I announced on Twitter that I’m launching a newsletter. It’s called Chad Dickerson’s Fieldnotes (more about the inspiration for the name). I expect it to be roughly monthly starting later this month. Subscribe here. Some people have asked me why so I thought I’d explain.
In general, I plan to be writing a lot more and the newsletter is part of it. My vision for my newsletter is a focal point for all of my writing (on this blog and elsewhere) while aggregating and commenting on some of the interesting things I find along the way. Topics will include business, music, books, culture, what I’m up to, and what I learned as a CEO and CTO. I have a lot to say and I’m excited to be able to say it as a free agent with a high degree of editorial independence.
My time at Etsy was also very profound and there are lots of insights from that experience that I haven’t had a chance to lay out yet. Writing is a great way to process and refine one’s thinking. Very few people have the chance to take on two major executive roles (CTO and CEO) in a company like Etsy from building a team and rebuilding a platform as a startup CTO (the proverbial changing of the jet engine while in flight) to leading a high-profile public company as CEO and Chair of the board. I did that and I’m confident that I took that path in a way that was true to my self and to a set of larger principles. I know other people are trying to do the same thing and I hope some of my writing will give them insight and strength.
Many people reach out to me and want to talk about Etsy as a socially responsible company. I will certainly write about that, probably a lot and in a very pragmatic way. Socially responsible business remains a passion of mine. That business orientation was super important to me in my time at Etsy but I also think the focus on that aspect of Etsy can obscure the sheer improbability of *any* venture-backed company making it through all the stages we made it through at Etsy. In my time there, Etsy wasn’t just special in a cultural sense, it was very special in a pure business sense. If you look at this CB Insights analysis of the cohort of companies who raised seed rounds in 2008-10, only 5 out of 1098 had a $1B+ exit. 3 of those went public and 2 were acquired. These kinds of odds are astounding for any company, much less a spirited and unconventional company like Etsy. We were doing a lot of things that simply hadn’t been done before or even attempted. (Oh, and we also faced down Amazon in the process. No big deal. When the New Yorker visited one day, the headline of their story was “Visiting Etsy, Amazon’s Next Prey” and SNL Weekend Update had a great bit on the competition around the same time — see 2:45 mark in this video)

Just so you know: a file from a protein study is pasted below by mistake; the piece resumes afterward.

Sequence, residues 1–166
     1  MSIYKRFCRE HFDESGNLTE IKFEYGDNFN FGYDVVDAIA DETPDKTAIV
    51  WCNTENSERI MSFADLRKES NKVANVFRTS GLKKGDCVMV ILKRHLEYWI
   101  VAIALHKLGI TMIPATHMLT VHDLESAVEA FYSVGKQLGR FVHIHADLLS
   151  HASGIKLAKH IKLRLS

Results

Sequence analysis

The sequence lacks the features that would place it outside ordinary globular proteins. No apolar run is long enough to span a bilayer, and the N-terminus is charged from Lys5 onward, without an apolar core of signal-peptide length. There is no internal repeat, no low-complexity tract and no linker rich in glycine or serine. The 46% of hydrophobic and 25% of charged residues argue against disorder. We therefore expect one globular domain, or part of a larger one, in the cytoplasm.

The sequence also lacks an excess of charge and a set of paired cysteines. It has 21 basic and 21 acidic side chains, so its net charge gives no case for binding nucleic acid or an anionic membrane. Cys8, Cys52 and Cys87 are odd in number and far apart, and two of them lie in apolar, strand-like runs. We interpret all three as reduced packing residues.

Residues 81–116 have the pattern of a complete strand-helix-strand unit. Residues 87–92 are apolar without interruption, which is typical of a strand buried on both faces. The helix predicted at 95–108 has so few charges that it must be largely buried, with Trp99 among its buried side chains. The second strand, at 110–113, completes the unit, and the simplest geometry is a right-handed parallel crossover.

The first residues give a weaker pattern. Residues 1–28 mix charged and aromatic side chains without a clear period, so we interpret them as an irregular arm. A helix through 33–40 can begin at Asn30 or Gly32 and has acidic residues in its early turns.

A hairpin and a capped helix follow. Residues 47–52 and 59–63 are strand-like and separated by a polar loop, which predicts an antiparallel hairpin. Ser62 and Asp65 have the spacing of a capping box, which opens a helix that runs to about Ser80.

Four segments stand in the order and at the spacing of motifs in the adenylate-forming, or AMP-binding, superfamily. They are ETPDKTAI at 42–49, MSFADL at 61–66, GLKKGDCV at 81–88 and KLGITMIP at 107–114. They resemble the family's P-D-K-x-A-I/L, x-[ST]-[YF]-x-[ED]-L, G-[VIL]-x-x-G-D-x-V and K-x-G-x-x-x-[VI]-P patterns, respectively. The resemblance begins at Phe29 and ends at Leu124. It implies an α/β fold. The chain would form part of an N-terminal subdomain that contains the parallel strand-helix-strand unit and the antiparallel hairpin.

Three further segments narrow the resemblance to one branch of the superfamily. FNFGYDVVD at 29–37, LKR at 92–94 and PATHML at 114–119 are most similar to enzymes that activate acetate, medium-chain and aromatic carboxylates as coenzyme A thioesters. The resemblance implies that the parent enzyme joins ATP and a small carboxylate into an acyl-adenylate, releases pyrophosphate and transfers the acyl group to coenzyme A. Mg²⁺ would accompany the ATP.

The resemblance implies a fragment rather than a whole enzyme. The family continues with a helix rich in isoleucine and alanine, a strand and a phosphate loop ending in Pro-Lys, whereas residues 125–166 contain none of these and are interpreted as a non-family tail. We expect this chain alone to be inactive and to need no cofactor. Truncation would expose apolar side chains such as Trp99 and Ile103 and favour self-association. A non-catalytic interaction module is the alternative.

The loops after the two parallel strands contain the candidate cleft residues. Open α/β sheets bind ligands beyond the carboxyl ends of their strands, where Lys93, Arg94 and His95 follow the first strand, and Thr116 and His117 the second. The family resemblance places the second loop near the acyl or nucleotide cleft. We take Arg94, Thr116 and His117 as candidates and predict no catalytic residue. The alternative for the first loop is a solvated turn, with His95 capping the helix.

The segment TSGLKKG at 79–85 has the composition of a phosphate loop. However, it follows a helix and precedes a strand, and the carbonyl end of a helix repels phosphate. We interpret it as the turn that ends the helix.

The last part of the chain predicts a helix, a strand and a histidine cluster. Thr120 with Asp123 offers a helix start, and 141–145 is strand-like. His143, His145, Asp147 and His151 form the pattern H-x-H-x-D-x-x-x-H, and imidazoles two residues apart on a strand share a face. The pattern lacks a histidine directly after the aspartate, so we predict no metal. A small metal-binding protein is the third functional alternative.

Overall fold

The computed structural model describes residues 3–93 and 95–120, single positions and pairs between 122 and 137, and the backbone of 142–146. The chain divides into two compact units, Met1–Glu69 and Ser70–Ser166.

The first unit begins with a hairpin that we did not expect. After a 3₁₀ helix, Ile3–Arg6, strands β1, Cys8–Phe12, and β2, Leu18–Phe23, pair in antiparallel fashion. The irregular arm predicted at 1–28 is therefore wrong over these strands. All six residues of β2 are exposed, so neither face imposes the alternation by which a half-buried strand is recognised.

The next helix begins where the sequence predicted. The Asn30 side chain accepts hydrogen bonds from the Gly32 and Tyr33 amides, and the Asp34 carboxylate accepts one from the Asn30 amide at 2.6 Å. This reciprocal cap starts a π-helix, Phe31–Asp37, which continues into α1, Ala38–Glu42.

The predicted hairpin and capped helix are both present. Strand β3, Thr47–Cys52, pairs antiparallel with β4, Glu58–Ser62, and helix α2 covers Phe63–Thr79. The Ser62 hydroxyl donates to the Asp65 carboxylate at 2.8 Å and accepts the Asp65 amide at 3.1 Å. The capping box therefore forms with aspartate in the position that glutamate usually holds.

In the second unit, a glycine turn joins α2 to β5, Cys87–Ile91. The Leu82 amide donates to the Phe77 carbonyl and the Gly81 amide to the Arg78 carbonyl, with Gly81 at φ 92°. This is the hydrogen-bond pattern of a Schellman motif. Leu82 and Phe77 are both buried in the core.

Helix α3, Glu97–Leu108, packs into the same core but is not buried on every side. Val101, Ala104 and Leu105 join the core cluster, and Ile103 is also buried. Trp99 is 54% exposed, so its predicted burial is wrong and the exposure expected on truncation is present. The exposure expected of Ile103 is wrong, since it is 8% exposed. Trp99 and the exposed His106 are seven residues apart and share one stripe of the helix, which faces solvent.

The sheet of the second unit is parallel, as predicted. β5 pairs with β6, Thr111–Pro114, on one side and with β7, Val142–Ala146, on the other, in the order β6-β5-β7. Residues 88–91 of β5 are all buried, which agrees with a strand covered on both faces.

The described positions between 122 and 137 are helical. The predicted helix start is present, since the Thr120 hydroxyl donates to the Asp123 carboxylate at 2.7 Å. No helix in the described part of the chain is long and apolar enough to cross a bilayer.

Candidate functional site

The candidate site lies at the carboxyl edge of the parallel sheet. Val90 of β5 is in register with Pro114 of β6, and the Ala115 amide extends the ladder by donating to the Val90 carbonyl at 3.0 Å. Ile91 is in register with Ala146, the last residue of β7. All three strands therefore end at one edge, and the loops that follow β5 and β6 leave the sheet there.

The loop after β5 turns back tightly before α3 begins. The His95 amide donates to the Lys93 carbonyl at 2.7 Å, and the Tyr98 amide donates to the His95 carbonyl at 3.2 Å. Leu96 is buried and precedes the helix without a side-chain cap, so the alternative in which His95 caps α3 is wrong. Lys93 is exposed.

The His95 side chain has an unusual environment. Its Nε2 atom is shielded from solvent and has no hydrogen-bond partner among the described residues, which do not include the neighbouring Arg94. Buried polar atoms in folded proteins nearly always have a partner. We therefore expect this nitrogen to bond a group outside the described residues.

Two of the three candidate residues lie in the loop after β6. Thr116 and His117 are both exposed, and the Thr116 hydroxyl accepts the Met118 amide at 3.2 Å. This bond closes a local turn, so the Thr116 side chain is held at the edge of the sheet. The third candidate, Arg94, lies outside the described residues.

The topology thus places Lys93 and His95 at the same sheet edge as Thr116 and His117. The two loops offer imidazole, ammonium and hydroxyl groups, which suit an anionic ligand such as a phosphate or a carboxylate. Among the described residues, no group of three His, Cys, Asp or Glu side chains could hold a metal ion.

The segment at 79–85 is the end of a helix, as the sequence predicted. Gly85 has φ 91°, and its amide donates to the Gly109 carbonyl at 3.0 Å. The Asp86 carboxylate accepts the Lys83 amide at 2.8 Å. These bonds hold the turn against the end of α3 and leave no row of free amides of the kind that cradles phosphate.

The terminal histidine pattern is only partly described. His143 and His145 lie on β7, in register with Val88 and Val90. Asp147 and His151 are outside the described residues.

I wrote a lot while at Etsy and always always loved doing it. A few still take me back to the moment I wrote them as if it was yesterday. Only two weeks into my arrival, I wrote about the massive challenges I immediately encountered as CTO in September 2008. I wrote the first post and the About page on the Etsy engineering blog, Code as Craft. I wrote about my long-term vision for Etsy in May 2012 as CEO when we became a B Corp, dropping a reference to fellow Brooklynite and (I think) Etsy kindred spirit Walt Whitman. When we went public, I wrote a post referencing James Joyce and quoted Ovid. I was never doing this to be a pretentious show-off. My view of the world is just very integrated. Liberal arts, tech, art, business, technology, literature, music — they are all connected and the more we make connections across all of those disciplines, the better we will be for it (side note: who among us isn’t wishing that tech leaders didn’t have a stronger handle on ethics, gender issues, history, and politics?) Expect that to come through in my newsletter and this blog.
So, if you’re looking for business advice neatly prepared into one-size-fits-all hermetically-sealed listicles, prepare to be gravely disappointed. If you want pragmatic insight into business from someone who experienced a lot and you also appreciate the occasional link to a video of the very last Sex Pistols show at Winterland in SF in 1978 or Orson Welles interviewing Andy Kaufman or an illustrated guide to Guy Debord’s “The Society of the Spectacle,” I’m your guy. (Subscribe here.)